5 DELETION 55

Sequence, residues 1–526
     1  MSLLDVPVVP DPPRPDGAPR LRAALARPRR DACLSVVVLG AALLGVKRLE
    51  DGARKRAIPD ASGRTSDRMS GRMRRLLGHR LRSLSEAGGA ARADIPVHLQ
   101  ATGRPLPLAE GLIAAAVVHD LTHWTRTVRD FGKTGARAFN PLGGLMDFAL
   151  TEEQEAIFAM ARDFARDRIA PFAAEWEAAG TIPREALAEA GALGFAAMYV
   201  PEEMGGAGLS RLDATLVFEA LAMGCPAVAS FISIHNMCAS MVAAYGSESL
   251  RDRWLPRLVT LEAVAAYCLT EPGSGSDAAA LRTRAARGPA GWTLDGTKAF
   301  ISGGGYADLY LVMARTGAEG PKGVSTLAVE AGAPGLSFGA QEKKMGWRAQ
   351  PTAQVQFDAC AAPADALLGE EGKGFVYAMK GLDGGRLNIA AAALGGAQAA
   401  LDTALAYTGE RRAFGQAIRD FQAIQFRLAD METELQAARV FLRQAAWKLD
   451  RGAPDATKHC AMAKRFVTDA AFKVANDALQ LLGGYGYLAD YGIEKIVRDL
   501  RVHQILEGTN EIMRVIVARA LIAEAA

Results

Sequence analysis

CHAPTER 5 DELETION 5.0 Deletion As mentioned above, Piacentino shows deletion in certain clusters (cf. sö, suar, and sura r). Deletion, much like metathesis, appears to be quite random within the northern Italian dialects: 17a. Lat. PATREM >It. padre 17b. Lat. MATREM > It. madre Pm. pare Pm. mare Pc. pär Pc. mär Gn. poæ Gn. moæ *Ml. pàder *Ml. màder *Bo. pèder *Bo. mèder 18a. Lat. LIBRUM > It. libro 18b. Lat. LIBRAM > It. libbra Pm. lìber Pm. livra Pc. libar Pc. lira There is no phonological/phonetic reason in and of itself which can account for why some words change and others don’t in such phonetically similar environments as 6a and 6b. Also, the Piacentino examples in 17a and 17b are cited alongside padar and madar which, by strict phonological rules cannot be explained. Why do we see epenthesis in one outcome and deletion in another? Much like the cases of metathesis, there is a pattern to be detected, though not one that is readily explainable through existing theories. Instead, we need to turn to frequency effects as the impetus behind the changes (Ch. 5). Wilson (2001) explains deletion via Optimality Theory, which puts his approach in line with that of Webb & Bradley (2009). However, Wilson, through a ranking of the relatively broad constraints known as MAX (no deletion), DEP (no insertion/epenthesis), and NoWeakCons (a consonant not released by a vowel is weak or less 58 harmonic), accounts for deletion through a much simpler...
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